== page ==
Back then, it was okay for urban sophisticates to buy and ironically wear the MAKE AMERICA GREAT AGAIN hat (not unlike the trucker hats they’d embraced a decade before) because Trump was the candidate of camp. Politics had suddenly gotten wild and unruly again, and a lot of us were into it. Part of the fun of following these elections, for all but the wonkiest of wonks, is the soap opera, the delectable people-watching of observing the country’s biggest egos on the biggest stage they can find, seeking to fill whatever cavern is in their soul that makes them want to be president. For the past 40 years, even as candidates have moved toward greater levels of narcissism and power-seeking, they’ve also moved toward greater precision in their narratives, in their sound bites, in their adherence to lawyerly correctness and deadly carefulness. A news cycle that hungrily fed on “gaffes” seemed to guarantee that only personality-free robots who made the fewest unforced errors would ever become nominees. And we even found fault with our first such bot! Remember when Mitt Romney’s earnest attempts at hiring more women — “binders full of women” — became what passed for a scandal? That man had literally never had a drop of liquor to drink. And now along came a candidate who had not only acquired three wives with kingly cavalierness (“Model, actress, model” might be the new “Divorced, beheaded, dies”) but had regularly done such things as go on “The Howard Stern Show” to discuss how he could have fucked the then-recently-dead Princess Diana. America is a weird, very grandiose country, more Trump than Romney. Trump’s directness, his ridiculousness, his often spot-on and fascinating cruelty — he’s the star of a premium-cable show about a billionaire-populist anti-hero running for president, one we loved until we realized it couldn’t be turned off.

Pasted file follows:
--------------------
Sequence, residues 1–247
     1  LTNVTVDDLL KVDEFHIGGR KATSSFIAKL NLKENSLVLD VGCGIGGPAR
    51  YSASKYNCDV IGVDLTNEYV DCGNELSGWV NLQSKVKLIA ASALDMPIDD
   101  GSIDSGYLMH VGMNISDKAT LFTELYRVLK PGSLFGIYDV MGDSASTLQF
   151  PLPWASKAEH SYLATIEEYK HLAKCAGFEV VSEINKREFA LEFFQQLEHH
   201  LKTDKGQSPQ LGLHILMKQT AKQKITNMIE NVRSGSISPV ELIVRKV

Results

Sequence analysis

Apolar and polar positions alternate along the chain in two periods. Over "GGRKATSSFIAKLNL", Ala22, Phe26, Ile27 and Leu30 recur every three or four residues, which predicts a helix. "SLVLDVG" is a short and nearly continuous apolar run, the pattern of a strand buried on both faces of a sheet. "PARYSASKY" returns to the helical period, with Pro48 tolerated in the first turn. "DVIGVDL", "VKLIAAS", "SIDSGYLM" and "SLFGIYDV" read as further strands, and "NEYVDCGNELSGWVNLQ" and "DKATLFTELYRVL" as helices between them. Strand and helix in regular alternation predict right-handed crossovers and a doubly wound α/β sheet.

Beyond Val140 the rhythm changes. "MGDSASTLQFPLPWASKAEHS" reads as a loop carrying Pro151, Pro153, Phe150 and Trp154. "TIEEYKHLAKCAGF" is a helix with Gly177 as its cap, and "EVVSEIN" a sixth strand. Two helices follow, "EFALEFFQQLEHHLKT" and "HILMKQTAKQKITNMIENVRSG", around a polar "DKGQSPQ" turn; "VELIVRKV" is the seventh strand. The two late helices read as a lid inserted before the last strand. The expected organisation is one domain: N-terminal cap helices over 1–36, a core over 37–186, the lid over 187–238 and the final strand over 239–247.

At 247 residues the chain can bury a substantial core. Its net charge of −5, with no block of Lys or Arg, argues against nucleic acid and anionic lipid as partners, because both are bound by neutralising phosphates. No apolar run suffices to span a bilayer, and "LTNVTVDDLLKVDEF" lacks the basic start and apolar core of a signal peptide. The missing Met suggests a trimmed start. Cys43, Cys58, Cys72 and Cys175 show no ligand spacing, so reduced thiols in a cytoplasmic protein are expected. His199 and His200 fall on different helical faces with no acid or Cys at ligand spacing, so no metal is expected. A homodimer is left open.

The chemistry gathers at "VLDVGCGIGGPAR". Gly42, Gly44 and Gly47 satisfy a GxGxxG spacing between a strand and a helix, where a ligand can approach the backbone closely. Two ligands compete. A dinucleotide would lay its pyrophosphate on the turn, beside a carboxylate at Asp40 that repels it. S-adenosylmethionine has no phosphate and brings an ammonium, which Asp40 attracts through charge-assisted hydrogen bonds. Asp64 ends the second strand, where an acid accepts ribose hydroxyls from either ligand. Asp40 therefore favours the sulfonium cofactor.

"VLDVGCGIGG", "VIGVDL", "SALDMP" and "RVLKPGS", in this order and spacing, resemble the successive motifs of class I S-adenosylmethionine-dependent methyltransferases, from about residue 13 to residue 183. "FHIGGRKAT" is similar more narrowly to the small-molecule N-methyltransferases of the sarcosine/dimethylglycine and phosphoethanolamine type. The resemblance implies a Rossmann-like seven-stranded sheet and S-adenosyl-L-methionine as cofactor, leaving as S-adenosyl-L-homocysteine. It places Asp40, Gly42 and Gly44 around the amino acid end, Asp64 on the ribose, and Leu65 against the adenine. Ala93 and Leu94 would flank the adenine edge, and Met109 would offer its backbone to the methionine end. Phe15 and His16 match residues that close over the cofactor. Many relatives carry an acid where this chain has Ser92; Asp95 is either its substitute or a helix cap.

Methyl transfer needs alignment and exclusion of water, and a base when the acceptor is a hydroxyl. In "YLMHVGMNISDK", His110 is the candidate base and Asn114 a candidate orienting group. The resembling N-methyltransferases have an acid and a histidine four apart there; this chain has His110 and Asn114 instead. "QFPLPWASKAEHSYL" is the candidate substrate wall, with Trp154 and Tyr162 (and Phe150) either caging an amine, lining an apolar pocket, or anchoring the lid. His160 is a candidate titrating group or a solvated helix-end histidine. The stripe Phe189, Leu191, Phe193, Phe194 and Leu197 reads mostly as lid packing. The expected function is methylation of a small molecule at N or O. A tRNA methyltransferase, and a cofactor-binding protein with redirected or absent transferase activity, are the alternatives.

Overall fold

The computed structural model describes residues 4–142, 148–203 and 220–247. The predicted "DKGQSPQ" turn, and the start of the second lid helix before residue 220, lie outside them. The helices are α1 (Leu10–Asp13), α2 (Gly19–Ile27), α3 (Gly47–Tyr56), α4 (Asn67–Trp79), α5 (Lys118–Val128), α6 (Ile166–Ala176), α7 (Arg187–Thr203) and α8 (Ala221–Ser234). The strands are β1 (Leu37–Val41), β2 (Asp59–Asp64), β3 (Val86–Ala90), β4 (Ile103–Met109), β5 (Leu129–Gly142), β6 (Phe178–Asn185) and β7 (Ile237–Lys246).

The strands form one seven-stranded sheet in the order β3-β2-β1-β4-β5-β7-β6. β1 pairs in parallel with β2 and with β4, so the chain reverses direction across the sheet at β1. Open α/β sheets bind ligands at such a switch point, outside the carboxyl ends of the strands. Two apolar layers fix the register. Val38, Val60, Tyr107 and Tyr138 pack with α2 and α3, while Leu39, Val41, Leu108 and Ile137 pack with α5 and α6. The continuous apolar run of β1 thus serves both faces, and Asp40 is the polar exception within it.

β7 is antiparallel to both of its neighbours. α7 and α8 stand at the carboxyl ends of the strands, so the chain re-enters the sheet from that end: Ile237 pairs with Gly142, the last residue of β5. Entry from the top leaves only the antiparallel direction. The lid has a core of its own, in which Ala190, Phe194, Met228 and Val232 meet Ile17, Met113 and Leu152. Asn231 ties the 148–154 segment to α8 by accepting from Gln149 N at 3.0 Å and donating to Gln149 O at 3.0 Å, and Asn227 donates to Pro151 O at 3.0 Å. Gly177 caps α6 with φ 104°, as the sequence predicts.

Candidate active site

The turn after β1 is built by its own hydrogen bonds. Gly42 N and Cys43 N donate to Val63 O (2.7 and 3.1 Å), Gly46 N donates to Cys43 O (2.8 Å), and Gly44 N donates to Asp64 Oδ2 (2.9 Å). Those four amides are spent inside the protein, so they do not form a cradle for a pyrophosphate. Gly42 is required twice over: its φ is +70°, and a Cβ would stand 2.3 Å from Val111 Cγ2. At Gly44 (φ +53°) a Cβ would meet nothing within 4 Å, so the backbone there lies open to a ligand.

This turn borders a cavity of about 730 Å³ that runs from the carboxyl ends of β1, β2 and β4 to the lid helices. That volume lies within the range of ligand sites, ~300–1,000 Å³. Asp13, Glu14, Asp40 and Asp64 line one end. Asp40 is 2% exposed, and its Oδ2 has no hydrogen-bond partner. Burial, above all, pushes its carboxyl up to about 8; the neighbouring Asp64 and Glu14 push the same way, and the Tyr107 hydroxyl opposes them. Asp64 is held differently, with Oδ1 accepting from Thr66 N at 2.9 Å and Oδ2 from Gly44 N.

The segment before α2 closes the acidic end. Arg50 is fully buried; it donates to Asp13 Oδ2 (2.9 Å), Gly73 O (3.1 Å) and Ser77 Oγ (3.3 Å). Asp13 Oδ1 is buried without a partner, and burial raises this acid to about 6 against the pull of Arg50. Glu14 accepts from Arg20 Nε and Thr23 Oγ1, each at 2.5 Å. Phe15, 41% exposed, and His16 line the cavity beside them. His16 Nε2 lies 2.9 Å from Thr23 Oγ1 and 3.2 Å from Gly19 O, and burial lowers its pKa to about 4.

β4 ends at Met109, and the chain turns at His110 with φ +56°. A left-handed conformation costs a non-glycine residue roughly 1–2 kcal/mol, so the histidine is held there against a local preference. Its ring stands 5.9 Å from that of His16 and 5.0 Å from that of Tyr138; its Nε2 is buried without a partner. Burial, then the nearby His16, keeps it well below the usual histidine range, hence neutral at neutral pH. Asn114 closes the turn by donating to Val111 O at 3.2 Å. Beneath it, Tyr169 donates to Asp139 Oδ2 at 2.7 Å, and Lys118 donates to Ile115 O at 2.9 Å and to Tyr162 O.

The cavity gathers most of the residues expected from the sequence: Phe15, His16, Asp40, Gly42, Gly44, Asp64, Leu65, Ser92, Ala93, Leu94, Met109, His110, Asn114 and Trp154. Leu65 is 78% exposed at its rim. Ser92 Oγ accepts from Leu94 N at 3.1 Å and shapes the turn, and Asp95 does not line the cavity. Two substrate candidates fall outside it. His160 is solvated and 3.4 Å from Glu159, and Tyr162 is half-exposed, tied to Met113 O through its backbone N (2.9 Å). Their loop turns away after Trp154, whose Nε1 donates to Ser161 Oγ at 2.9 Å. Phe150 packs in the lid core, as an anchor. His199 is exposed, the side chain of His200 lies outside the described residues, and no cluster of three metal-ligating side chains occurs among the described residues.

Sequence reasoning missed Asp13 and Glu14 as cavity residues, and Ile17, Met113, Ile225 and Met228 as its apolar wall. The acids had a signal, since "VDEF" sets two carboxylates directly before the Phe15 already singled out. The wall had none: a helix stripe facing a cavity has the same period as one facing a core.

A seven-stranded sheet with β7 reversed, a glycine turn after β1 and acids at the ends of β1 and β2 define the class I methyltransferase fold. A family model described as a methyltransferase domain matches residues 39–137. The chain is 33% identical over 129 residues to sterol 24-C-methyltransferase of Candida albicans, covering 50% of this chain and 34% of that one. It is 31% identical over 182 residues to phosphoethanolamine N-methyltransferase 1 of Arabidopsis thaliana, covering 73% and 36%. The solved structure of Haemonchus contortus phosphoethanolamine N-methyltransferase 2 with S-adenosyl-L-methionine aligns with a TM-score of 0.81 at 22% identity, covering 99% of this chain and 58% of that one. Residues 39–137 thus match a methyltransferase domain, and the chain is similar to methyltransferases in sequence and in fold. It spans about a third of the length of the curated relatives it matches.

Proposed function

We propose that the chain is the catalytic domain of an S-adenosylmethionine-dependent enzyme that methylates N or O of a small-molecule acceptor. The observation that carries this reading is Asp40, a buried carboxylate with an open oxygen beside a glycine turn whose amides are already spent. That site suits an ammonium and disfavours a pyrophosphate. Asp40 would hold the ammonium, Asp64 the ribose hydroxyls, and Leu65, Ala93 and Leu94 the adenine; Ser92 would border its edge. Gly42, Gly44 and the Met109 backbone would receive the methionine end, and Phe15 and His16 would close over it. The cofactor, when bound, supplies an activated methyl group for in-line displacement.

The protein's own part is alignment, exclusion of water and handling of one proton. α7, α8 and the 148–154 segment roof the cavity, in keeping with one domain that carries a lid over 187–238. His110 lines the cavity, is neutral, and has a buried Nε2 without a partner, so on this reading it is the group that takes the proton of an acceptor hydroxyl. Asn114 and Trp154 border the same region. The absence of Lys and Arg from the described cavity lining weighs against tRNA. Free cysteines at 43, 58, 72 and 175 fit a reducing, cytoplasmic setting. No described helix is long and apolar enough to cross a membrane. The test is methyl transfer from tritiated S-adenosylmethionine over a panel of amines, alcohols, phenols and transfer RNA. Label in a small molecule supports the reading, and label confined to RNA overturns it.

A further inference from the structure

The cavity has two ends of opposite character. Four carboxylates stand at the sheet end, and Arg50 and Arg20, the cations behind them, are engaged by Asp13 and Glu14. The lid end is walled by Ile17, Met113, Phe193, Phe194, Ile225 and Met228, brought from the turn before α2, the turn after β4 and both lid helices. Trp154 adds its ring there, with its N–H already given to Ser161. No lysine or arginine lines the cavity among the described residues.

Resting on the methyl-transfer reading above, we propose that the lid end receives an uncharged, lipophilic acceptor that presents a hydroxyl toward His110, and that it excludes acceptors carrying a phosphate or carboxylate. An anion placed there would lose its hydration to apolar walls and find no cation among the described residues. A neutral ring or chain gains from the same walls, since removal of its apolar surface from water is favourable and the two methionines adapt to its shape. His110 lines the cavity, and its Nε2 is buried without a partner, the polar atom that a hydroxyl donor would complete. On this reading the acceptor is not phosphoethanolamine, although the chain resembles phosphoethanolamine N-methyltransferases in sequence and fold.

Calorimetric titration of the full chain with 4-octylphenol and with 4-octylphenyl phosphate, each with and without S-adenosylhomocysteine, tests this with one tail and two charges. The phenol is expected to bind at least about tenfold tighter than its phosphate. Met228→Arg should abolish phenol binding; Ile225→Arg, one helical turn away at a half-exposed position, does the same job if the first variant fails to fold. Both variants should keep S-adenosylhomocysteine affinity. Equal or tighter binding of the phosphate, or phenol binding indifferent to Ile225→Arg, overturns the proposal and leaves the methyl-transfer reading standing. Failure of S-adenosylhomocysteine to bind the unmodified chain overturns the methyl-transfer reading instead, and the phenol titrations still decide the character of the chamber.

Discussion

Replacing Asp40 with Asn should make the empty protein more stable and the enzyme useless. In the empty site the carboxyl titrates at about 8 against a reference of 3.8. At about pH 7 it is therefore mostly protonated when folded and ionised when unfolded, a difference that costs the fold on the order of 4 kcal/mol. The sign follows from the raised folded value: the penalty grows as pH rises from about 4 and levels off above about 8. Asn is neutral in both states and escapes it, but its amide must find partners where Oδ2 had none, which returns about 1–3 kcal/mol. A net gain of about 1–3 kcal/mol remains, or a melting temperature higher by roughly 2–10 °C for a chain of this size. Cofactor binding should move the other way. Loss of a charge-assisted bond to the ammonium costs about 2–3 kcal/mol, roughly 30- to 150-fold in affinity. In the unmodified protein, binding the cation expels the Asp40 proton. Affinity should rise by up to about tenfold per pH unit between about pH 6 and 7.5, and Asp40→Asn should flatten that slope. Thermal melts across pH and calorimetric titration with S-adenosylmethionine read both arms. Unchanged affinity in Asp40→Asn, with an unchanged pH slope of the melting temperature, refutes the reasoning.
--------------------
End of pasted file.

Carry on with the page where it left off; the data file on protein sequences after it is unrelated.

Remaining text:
Now the question becomes: How do you feel when real life is adapted from television, rather than the reverse? There are a few distinct ways liberals and moderates have been dealing with the prospect of Trump’s nomination. For some purely results-oriented Democrats, his rise has been an occasion for exhilaration: Are they really going to make it this easy? Marco Rubio, who might have seemed able to best Clinton in a general election thanks to many of the same characteristics Obama used to beat her eight years ago, is getting tossed aside like yesterday’s bottled water, while Trump continues to say racist things in a country whose minorities make up 40 percent of its citizens? Great! And to the extent he’s gutting a climate-change-denying, abortion-rights-restricting, health-care-ruining, one-percenter-abetting Republican Party, is that such a bad thing? A Trump nomination is a high-risk proposition, sure, but also high reward — the dismantling of a stultifying and unsustainable status quo.